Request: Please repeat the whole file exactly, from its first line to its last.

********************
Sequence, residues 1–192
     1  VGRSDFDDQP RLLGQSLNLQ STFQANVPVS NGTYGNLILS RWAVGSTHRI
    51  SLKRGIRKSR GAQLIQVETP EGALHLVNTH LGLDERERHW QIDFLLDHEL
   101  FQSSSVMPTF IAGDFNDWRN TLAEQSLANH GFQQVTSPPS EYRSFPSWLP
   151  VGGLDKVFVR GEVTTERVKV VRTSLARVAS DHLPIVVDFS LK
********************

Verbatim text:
Sequence, residues 1–192
     1  VGRSDFDDQP RLLGQSLNLQ STFQANVPVS NGTYGNLILS RWAVGSTHRI
    51  SLKRGIRKSR GAQLIQVETP EGALHLVNTH LGLDERERHW QIDFLLDHEL
   101  FQSSSVMPTF IAGDFNDWRN TLAEQSLANH GFQQVTSPPS EYRSFPSWLP
   151  VGGLDKVFVR GEVTTERVKV VRTSLARVAS DHLPIVVDFS LK